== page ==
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    Lymphatic System

    Lymphatic System
    The lymphatic system is a network of tissues and organs. It is made up mainly of lymph vessels, lymph nodes and lymph. Lymph vessels, which are different from blood vessels, carry fluid called lymph throughout your body. Lymph contains white blood cells that defend you against germs. Throughout the vessels are lymph nodes. Along with your spleen, these nodes are where ...
    Rated: +1
  • +3

    Autonomic Nervous System

    The autonomic nervous system is a visceral efferent system, which means it sends motor impulses to the visceral organs. It functions automatically and continuously, without conscious effort, to innervate smooth muscle, cardiac muscle, and glands. It is concerned with heart rate, breathing rate, blood pressure, body temperature, and other visceral activities that work together to maintain homeostasis. The autonomic nervous system ...
    Rated: +3
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    Endocrine System

    The endocrine system, along with the nervous system, functions in the regulation of body activities. The nervous system acts through electrical impulses and neurotransmitters to cause muscle contraction and glandular secretion. The effect is of short duration, measured in seconds, and localized. The endocrine system acts through chemical messengers called hormones that influence growth, development, and metabolic activities. The action of ...
    Rated: +4
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    The Cardiovascular System

    The Cardiovascular System
    h4. THE HEART h4. The Structure of the Heart The size and position of the heart - Despite its heavy workload, the heart is not a large organ. It is about the size of the person's clenched fist and weighs 10 to 12 ounces. It is hollow and roughly conical in shape, with the narrow end pointed downward, to the left, ...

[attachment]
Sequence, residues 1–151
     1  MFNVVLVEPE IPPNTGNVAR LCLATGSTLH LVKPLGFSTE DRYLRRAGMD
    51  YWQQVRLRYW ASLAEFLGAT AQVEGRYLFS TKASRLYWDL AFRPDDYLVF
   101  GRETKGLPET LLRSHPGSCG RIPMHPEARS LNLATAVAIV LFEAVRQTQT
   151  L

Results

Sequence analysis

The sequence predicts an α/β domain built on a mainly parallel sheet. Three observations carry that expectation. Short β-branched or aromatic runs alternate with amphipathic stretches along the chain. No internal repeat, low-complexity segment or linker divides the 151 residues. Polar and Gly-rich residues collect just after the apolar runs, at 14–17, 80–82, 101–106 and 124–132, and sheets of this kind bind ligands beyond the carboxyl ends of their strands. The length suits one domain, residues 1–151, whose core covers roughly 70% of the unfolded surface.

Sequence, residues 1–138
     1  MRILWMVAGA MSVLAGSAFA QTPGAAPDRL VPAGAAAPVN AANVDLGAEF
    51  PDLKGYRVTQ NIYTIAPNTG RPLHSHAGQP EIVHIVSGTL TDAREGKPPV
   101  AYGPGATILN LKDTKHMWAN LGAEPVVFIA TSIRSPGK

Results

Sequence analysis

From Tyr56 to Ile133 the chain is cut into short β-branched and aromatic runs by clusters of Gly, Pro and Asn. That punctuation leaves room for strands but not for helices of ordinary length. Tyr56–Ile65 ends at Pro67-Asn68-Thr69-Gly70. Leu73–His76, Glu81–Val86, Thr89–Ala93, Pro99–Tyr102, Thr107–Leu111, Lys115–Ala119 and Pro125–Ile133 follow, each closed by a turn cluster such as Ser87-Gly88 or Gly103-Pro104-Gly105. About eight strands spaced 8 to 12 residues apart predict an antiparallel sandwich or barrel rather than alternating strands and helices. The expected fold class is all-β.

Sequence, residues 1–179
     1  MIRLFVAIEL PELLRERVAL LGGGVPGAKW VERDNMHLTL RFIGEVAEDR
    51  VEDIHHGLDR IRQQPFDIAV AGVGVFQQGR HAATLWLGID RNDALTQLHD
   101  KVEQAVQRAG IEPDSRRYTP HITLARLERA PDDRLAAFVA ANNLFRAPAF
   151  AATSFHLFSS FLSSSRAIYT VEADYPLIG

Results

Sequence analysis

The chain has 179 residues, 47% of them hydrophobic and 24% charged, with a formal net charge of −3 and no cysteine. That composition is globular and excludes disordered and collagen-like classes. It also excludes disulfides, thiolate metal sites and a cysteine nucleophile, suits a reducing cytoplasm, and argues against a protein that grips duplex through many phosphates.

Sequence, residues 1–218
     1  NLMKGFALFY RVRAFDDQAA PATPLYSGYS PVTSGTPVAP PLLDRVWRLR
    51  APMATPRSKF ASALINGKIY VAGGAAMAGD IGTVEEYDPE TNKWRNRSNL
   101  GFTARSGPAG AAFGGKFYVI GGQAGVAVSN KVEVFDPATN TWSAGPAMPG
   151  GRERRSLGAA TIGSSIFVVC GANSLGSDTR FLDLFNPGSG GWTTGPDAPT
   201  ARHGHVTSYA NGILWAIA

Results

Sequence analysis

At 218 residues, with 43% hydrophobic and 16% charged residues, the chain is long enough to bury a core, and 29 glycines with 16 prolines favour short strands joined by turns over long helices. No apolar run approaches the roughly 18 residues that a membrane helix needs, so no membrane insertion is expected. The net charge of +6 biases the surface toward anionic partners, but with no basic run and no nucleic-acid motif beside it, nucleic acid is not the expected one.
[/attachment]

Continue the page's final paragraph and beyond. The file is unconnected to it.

Rated: +3
  • +6

    What is a Cell?

    What is a Cell?
    Cells are the structural and functional units of all living organisms. Some organisms, such as bacteria, are unicellular, consisting of a single cell. Other organisms, such as humans, are multicellular, or have many cells - an estimated 100,000,000,000,000 cells! Each cell is an amazing world unto itself: it can take in nutrients, convert these nutrients into energy, carry out specialized functions, ...
    Rated: +6
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    Cell Structures

    h4. The Plasma Membrane - A Cell's Protective Coat The outer lining of a eukaryotic cell is called the plasma membrane. This membrane serves to separate and protect a cell from its surrounding environment and is made mostly from a double layer of proteins and lipids, fat-like molecules. Embedded within this membrane are a variety of other molecules that act as ...
    Rated: +2
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    Cell Organelles

    Cell Organelles
    The human body contains many different organs, such as the heart, lung, and kidney, with each organ performing a different function. Cells also have a set of "little organs", called organelles, that are adapted and/or specialized for carrying out one or more vital functions. Organelles are found only in eukaryotes and are always surrounded by a protective membrane. It is important ...
    Rated: +3
  • +6

    Mitosis and Meiosis: How do Cells Divide?

    Mitosis and Meiosis: How do Cells Divide?
    There are two types of cell division: mitosis and meiosis. Most of the time when people refer to “cell division,” they mean mitosis, the process of making new body cells. Meiosis is the type of cell division that creates egg and sperm cells. Mitosis is a fundamental process for life. During mitosis, a cell duplicates all of its contents, including its ...
    Rated: +6
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